[e2e] TCP improved closing strategies?
David P. Reed
dpreed at reed.com
Thu Aug 13 12:39:32 PDT 2009
As I mentioned, TCP is a terrible choice for a short "remote procedure
call". The arguments for it seem to be:
1) big payload in one or the other direction. I could argue that that
probably reflects a bad higher-level protocol design (given that the
information exchanged from a pure info theoretic point of view is more
or less a couple thousand bits each way - even if you include a full
public key verification).
2) MTU issues. Let's assume the MTU is 100 bytes. UDP-based protocols
can span packets without requiring all the overhead of a TCP connection
3) Legacy equipment issues. UDP is supported for all legacy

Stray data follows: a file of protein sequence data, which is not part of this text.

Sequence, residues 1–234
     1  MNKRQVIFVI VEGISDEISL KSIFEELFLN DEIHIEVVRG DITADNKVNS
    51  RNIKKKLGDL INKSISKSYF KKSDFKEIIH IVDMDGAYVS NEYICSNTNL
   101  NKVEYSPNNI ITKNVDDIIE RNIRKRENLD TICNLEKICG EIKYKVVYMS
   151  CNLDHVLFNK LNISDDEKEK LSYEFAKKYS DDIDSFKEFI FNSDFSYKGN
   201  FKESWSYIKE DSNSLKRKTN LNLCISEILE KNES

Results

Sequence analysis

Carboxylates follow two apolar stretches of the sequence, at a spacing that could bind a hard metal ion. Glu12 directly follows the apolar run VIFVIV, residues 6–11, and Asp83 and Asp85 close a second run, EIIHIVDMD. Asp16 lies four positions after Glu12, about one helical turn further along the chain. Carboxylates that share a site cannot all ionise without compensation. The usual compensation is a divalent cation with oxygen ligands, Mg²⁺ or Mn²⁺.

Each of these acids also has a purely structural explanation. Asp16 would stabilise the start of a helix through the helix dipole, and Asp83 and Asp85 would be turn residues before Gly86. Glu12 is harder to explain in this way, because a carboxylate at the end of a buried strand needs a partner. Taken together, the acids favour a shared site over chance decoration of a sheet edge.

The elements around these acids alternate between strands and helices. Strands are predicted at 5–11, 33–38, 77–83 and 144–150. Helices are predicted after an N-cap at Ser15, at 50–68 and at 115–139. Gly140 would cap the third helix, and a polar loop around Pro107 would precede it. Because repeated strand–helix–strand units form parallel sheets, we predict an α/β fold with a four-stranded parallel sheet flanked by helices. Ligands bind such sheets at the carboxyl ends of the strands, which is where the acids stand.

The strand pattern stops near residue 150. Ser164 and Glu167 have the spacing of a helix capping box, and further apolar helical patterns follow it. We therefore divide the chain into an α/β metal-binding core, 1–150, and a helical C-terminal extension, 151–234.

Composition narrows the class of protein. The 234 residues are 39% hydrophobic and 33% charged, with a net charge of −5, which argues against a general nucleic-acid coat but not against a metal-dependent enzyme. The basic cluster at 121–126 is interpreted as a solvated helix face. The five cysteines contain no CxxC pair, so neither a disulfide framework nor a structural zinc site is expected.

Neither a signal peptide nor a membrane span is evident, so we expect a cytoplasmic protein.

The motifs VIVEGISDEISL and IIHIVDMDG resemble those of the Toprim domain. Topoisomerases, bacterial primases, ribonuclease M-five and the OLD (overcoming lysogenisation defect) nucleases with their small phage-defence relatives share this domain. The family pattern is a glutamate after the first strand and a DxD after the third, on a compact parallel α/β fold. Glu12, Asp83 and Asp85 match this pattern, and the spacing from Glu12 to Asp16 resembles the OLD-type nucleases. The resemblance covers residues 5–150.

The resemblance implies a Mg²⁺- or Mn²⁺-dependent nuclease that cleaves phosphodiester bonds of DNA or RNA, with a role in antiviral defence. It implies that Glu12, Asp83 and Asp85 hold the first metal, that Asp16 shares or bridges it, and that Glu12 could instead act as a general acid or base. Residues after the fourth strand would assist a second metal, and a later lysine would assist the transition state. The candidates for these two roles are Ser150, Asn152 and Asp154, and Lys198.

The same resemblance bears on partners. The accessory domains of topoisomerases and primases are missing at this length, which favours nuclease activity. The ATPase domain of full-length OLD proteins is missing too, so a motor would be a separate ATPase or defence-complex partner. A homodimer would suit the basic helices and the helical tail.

equipment. What's the problem? I know of lot's of legacy equipment
that cannot under any circumstance support TCP-based DNS *today*. So an
argument from legacy is incredibly weak.
4) The "fun problem" of TCP close performance. OK, if you want money
to do research on TCP closing, use a different excuse. NSF will fund a
grad student. Next problem.
I'm not against using TCP for this, but if you want to use it, define a
protocol like HTTP 1.1 that multiplexes a TCP connection between
requester and requested. Then the TCP close will happen far less
frequently, as will opens. And it can use very *short* exchanges,
because there is no reason to transmit more than the request and
response in the common case.
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